The Internet is not a scapegoat

  We live in a miraculous age where half the world’s population now has access to a single technology – the Internet – to underpin people’s health and education. It can be a lifeline in the event of a disaster or disease outbreak, and is designed to be open to everyone, but not owned by anyone. The Covid-19 pandemic has further highlighted the potential and importance of the internet by forcing the world to connect remotely, contactless and in real time.
  Unfortunately, we live in times of doubt and fear. You don’t even have to open the Doomsday Scroll to hear the argument that the internet is worse than any plague or war before it. The Internet has become a scapegoat for many of today’s problems, including terrorism, child abuse, and the end of democracy.
  Some even argue that the Internet is the culprit behind the decline of values ​​and even civilization, as if lying politicians and inflammatory speeches were impossible before the birth of Twitter. Likewise, excessive wealth concentration and excessively powerful monopolies are not products of the digital age; once upon a time, there were companies like U.S. Steel, Standard Oil, and the British East India Company and the Dutch East India Company.
  Transformative technologies can have a profound impact on society and individuals. We are now in a period of social change, and this is undoubtedly due in part to the rise of the Internet, as this tool has created new opportunities.
  Some of these opportunities are of social value: it is now easier and cheaper for people to communicate with distant family members or friends. Others are bad for society: scammers will almost certainly find their way to make money. And some societal influences are ambiguous: traditional authorities and gatekeepers are losing their influence as people have more diverse access to information.
  While the harm people blame on the internet is neither unprecedented nor caused by the internet, Western governments are trying to regulate the internet as if it were fully responsible for it all.
  Considering the problems posed by today’s giant tech companies and their influence on business and public discourse, it has been argued that special rules should apply to these companies when they reach a certain market value or revenue level. But this is not the first time that corporate concentration issues have arisen. After Standard Oil began dominating the oil industry in the United States and many other countries in the late 19th and early 20th centuries, governments used antitrust policy to address corporate power, not “oil policy.”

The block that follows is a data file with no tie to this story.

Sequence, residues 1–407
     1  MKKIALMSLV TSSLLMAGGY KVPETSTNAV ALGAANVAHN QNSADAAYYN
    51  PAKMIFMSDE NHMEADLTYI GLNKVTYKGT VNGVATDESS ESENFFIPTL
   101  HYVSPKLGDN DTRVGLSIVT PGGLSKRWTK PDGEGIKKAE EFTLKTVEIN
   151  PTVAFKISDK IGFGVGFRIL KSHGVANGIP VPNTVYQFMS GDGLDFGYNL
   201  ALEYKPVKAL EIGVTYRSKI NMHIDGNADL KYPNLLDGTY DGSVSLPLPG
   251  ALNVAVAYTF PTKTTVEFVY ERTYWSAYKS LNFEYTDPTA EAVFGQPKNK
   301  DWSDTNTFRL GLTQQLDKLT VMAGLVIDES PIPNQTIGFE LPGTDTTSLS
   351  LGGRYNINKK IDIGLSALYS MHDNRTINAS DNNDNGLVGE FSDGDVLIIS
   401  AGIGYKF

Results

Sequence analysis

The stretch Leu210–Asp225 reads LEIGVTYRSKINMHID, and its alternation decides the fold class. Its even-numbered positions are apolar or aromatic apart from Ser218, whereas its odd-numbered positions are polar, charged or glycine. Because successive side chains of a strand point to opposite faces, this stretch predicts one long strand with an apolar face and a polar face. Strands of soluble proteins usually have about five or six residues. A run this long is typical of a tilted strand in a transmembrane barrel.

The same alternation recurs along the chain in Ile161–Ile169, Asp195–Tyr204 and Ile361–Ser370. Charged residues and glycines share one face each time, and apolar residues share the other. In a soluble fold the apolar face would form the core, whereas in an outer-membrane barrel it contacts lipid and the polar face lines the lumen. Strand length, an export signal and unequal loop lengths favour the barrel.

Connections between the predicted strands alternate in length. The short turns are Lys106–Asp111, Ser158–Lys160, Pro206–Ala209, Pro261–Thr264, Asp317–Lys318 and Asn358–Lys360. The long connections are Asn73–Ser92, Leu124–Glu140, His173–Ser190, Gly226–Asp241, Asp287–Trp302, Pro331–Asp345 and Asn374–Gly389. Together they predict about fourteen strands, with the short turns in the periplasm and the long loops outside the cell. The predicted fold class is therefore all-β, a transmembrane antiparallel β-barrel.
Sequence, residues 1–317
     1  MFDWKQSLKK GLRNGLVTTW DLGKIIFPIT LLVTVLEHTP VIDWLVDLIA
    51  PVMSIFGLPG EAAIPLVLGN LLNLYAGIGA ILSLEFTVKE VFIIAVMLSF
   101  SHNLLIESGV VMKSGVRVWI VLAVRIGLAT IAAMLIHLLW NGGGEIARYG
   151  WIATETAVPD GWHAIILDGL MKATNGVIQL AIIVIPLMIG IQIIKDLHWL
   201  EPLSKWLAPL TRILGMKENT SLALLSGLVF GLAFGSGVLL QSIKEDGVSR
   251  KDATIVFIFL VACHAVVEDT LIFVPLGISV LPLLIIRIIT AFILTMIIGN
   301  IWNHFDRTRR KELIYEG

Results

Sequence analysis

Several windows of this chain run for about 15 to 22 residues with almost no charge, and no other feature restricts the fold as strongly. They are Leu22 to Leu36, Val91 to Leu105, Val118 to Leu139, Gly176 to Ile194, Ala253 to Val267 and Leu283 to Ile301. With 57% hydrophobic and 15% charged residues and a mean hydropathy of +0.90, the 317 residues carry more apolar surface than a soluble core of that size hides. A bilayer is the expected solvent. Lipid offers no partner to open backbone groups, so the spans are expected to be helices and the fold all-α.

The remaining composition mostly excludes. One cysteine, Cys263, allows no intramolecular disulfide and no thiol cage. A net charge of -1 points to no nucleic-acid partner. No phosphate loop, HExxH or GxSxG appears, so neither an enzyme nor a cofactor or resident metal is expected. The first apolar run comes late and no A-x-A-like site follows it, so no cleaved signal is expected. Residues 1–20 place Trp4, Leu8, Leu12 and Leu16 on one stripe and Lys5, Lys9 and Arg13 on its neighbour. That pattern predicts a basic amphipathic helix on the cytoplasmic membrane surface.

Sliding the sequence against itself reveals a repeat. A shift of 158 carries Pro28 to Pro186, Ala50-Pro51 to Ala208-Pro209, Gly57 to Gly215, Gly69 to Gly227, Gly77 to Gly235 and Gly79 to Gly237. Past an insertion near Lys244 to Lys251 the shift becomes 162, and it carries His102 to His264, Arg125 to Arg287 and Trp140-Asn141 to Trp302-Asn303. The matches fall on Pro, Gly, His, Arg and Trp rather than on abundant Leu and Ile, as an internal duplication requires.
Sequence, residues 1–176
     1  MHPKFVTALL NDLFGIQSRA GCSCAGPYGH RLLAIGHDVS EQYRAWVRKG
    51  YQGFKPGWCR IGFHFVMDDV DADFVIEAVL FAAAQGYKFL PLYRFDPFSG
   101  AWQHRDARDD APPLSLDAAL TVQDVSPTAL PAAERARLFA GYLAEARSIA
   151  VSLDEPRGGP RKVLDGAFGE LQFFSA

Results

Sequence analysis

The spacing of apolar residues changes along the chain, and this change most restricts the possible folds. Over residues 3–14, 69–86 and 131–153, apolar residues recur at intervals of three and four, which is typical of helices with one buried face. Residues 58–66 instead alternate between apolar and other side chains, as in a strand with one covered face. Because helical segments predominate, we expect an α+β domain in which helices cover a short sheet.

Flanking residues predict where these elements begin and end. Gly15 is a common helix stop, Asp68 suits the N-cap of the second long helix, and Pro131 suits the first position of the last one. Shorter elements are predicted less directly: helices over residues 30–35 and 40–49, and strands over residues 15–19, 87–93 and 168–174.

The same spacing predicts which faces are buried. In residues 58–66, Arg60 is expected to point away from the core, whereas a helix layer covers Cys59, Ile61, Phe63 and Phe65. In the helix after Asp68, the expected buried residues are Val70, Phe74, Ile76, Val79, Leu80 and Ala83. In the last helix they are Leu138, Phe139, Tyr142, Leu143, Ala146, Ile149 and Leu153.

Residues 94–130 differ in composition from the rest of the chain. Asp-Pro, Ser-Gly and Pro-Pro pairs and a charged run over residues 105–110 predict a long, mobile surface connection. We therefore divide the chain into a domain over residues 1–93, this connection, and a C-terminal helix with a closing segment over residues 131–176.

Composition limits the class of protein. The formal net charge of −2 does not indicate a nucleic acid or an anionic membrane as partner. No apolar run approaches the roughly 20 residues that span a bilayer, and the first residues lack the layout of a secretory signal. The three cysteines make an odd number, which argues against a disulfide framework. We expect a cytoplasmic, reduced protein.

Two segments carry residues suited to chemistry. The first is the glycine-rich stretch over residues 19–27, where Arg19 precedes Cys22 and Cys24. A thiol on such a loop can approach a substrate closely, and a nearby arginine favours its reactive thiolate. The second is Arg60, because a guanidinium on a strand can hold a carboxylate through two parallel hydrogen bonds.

Many also expressed concern about the ability of political interference in particular countries and foreign actors as a result of the Internet. But attributing this phenomenon entirely to the Internet is neither prudent nor historically accurate. The United States, France, and Russia all experienced violent revolutions in the pre-Internet era. As the Soviet Union and the United States often did during the Cold War, long before anyone sent data to the Internet, countries’ political processes began to be interfered with by other countries.
  Political systems, especially democratic ones, depend on the effective functioning and legitimacy of their government; controlling the flow of information cannot solve the problem of popular dissatisfaction with the regime. This was the case in Russia in 1917, when information was printed on paper, but now it is in the form of data packets.
  Granted, some challenges are unique to the Internet. For example, this technology has resulted in faster communication than ever before, and it is extremely difficult to determine the identity of who is online (or even if it is a human). But if policymakers can be sure that the introduced regulation will not have a negative impact on the Internet itself, then these are the types of narrow issues that Internet governance might play a role in.
  The Internet is an ecosystem that we need to protect. When thinking about possible regulations, the best way to do this is to assess internet impacts, much like we do environmental or transportation assessments before deciding whether to build new infrastructure. The assessment can determine what benefits or harms a particular behavior brings to the underlying health of the Internet.
  Most importantly, we need to ensure that the Internet does not become a scapegoat for problems caused by the legal, economic and political systems in which it is used. The Internet must be a tool for all of us. This means that we must protect the integrity of the Internet as we protect any precious resource.